Take the 2-minute tour ×
Stack Overflow is a question and answer site for professional and enthusiast programmers. It's 100% free, no registration required.

I have set up 4 CRON jobs to automatically reindex my Sphinx indexes as below:

*/5 * * * /usr/bin/pgrep indexer || time /usr/local/sphinx/bin/indexer --rotate --config /usr/local/sphinx/etc/sphinx.conf ripples_delta
*/5 * * * /usr/bin/pgrep indexer || time /usr/local/sphinx/bin/indexer --rotate --config /usr/local/sphinx/etc/sphinx.conf users_delta
30 23 * * * /usr/bin/pgrep indexer || time /usr/local/sphinx/bin/indexer --config /usr/local/sphinx/etc/sphinx.conf --merge users users_delta --merge-dst-range deleted 0 0 --rotate
0 0 * * * /usr/bin/pgrep indexer || time /usr/local/sphinx/bin/indexer --config /usr/local/sphinx/etc/sphinx.conf --merge ripples ripples_delta --merge-dst-range deleted 0 0 --rotate

The above shows pgrep, which I hope is being used in every instance to check to see if indexer is already running. My intention here is to prevent any potentially resource hungry overlaps.

The first two Cron jobs run every 5 minutes and update the Delta indexes for my two main indexes.

The second two run once per day (one at 11:30pm and the other at 12am) and merge the delta indexes into their main counterparts.

My understanding is that following these index merges I need to re-run the index on the delta's in order to remove all of the previously merged data and essentially clean them up ready for the next day's indexing.

How can I ensure that this happens automatically upon completion of the merges? Obviously I could just add two more cron jobs but I need them to take place immediately after the relevant merge has finished.

Thanks in advance.

share|improve this question

4 Answers 4

up vote 1 down vote accepted

Perhaps an even better way is to create a small 'indexing' daemon.



while (1) {
    if (filemtime('path_to_/ripples.sph') < time()-(24*3600)) {
        `indexer --rotate ripples_delta`;
        `indexer  --merge ripples ripples_delta --rotate`;
        mysql_query("UPDATE sph_counter ... ");
        `indexer --rotate ripples_delta`;

    } elseif (filemtime('path_to_/users.sph') < time()-(24*3600)) {
        `indexer --rotate users_delta`;
        `indexer  --merge users users_delta --rotate`;
        mysql_query("UPDATE sph_counter ... ");
        `indexer --rotate users_delta`;

    } else {
        `indexer --rotate ripples_delta users_delta`;


This way, you just leave this script running indefinitly (I've used screen for this. But a more robust solution is something like monit).

It will make sure that only ever one process is running at a time. Take care of all the actions. And if the indexing takes longer then it just maintains a gap of 5 minutes.

To be really clever could run a mysql query, to check if the rippes or user tables have updates. And dont even bother running indexer if not.

share|improve this answer
Wow.. Absolutely brilliant idea and something I would have never come up with personally. Again barry, you come to the rescue of all things sphinx. I really appreciate you taking the time to help me through all this. :) –  gordyr Oct 16 '12 at 10:24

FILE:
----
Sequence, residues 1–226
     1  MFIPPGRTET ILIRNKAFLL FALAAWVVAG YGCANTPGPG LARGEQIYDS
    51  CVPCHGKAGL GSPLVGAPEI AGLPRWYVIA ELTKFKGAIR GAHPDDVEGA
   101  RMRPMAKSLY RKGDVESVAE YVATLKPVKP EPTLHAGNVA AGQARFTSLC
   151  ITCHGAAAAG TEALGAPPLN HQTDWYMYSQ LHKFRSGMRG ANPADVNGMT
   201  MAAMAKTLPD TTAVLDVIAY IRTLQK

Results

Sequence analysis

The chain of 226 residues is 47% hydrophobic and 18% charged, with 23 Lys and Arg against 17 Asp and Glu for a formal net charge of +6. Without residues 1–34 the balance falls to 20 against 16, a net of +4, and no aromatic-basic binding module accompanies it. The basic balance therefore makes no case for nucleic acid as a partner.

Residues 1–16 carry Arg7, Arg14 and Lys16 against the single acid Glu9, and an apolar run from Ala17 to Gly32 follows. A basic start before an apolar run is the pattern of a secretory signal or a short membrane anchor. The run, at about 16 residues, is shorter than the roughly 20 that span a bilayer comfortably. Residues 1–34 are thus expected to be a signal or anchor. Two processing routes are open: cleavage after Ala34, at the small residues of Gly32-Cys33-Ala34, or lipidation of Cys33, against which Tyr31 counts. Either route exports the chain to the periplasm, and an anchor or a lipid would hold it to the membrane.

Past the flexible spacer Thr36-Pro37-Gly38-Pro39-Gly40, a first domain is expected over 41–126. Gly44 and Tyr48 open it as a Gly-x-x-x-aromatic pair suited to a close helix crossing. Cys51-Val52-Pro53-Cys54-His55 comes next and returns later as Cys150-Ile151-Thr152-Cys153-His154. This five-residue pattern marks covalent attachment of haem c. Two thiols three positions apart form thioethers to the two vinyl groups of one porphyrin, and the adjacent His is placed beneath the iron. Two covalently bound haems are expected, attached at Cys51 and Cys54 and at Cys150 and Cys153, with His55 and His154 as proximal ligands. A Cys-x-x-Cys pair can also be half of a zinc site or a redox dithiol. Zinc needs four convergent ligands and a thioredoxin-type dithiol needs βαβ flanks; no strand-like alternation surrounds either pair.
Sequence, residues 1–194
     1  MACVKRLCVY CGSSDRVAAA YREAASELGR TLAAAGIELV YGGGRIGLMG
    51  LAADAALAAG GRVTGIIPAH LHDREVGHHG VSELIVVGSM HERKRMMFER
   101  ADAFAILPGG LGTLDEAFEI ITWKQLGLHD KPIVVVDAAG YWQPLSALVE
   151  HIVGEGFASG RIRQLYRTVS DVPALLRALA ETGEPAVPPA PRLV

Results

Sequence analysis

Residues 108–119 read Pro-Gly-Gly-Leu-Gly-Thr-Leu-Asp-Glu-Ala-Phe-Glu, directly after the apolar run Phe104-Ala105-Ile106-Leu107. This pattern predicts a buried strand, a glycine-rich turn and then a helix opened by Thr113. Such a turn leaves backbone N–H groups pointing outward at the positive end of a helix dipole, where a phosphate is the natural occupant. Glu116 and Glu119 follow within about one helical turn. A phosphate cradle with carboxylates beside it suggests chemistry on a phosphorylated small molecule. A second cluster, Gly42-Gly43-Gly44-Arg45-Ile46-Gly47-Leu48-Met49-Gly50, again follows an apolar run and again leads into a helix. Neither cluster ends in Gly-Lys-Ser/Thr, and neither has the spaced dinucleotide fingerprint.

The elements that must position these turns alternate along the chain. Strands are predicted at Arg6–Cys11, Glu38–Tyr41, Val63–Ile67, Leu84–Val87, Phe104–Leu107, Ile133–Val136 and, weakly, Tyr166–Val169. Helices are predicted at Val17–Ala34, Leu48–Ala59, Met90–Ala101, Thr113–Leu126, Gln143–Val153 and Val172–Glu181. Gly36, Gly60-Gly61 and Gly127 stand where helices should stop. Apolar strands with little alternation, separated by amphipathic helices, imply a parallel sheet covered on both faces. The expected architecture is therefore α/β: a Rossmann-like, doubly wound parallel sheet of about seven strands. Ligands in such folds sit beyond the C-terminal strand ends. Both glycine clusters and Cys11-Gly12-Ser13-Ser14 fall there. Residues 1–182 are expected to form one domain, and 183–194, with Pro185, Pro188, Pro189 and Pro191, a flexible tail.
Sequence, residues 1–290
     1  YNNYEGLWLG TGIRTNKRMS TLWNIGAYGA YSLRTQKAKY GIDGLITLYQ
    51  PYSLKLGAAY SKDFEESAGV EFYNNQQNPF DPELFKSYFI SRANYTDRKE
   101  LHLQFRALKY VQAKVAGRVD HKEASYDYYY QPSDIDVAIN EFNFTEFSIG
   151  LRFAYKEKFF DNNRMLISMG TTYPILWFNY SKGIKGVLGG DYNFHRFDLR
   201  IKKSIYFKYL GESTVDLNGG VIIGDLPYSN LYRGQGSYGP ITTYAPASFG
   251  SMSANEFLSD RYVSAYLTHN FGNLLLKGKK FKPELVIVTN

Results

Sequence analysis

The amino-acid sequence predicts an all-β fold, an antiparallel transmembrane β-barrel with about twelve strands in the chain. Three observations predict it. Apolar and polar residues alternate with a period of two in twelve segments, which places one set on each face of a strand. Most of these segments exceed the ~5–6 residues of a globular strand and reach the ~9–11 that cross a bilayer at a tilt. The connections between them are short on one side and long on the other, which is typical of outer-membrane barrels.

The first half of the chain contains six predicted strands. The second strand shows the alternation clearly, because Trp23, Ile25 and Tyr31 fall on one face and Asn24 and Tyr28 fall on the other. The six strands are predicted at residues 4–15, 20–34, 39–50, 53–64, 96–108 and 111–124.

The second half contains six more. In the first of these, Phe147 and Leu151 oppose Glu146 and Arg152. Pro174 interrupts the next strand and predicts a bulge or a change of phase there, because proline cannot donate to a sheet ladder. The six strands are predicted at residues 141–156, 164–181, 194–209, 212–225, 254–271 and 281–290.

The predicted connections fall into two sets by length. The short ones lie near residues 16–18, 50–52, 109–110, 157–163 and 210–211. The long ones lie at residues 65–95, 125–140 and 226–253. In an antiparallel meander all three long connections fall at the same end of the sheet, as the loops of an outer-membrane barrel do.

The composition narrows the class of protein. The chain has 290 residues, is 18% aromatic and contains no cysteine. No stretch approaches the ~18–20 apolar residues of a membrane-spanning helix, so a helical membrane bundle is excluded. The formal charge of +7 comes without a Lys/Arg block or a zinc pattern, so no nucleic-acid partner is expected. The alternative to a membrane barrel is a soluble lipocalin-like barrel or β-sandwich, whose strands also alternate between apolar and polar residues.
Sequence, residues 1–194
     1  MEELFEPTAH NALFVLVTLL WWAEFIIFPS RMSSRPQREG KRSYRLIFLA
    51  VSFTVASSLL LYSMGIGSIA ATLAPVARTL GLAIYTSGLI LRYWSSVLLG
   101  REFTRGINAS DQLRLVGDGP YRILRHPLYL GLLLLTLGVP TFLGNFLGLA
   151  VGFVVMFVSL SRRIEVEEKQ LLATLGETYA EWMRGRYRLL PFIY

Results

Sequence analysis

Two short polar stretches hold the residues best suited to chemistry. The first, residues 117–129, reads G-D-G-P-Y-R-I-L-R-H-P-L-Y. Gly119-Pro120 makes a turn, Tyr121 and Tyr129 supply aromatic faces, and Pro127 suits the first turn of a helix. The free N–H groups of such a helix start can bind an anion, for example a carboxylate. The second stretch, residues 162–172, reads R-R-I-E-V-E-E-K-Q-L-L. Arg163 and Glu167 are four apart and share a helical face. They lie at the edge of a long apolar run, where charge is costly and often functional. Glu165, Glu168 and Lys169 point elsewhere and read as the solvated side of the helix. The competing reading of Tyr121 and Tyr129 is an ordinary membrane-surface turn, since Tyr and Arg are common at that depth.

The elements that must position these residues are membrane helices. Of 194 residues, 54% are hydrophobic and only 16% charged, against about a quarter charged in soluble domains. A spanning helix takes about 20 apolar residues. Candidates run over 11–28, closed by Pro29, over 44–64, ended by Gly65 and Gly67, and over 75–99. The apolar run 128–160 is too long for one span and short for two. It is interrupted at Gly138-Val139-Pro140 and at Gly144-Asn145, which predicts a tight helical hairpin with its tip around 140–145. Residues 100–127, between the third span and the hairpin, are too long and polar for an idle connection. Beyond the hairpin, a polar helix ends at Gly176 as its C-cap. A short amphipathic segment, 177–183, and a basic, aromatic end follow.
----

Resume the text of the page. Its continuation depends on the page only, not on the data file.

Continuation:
Just a quick question on the above script... In my sphinx.conf file I am updating the counters automatically in the pre_query sections. Can I safely leave those sections out of this script or should it really be ran post reindex? –  gordyr Oct 16 '12 at 10:35
Yes you need to update the counter table manually when the merge has completed. Sphinx is uncapable of doing this for you. When you perform a merge, non of the 'sql_...' queries will run. See the bug link in the other post. –  barryhunter Oct 16 '12 at 10:43
Thanks.. That clears that up then. –  gordyr Oct 16 '12 at 10:46

Another related issue, you should do

*/6 ... indexer --rotate users_delta ripples_delta

ie update both in one command. Then indexer buildes both indexes, then performs the rotation.

With two parallel processes, the two rotations could end up stepping on each other.

(also with the pgrep, it also means the second of the two delta updates are unlikly to first, the first will have always just been started)

Also change to say

34 23 * ...

ie rather than "30", which will mean happening exactly the same time as the delta. And the delta is liky to have already started, meaning will never get the merges.

share|improve this answer
Yep I realised I could merge the two jobs into one indexer line earlier this morning. Regardless creating an intelligent script similar to the one you posted really appears to be the best way. Cheers :) –  gordyr Oct 16 '12 at 10:30

Create a small shell script that

  1. indexes the delta
  2. merges the delta back into the main
  3. updates the database to update the counter flag (the main has changed, so deltas need to use the new counter)
  4. reindexes the delta again

Being a shell script ensures they run in sequence.

Technically could also miss off 1) as the other */5 will have always recently run anyway.

You also need to run a script to run step 3) anyway. Sphinx cant do that for you. http://sphinxsearch.com/bugs/view.php?id=517

share|improve this answer

For any periodical task I would suggest to create a lock file on the beginning of the script to avoid re-entrance and check if it's exists on the script start.

Script wrapper sample (could be used for periodical MySQL backups as well) is here: http://astellar.com/2012/10/backups-running-at-the-same-time/

share|improve this answer
thanks, great tip... I'll be going with BarryHunters indexing daemon script in this instance, but your info is very useful/valuable. Thanks! –  gordyr Oct 16 '12 at 10:31

Your Answer


By posting your answer, you agree to the privacy policy and terms of service.

Not the answer you're looking for? Browse other questions tagged or ask your own question.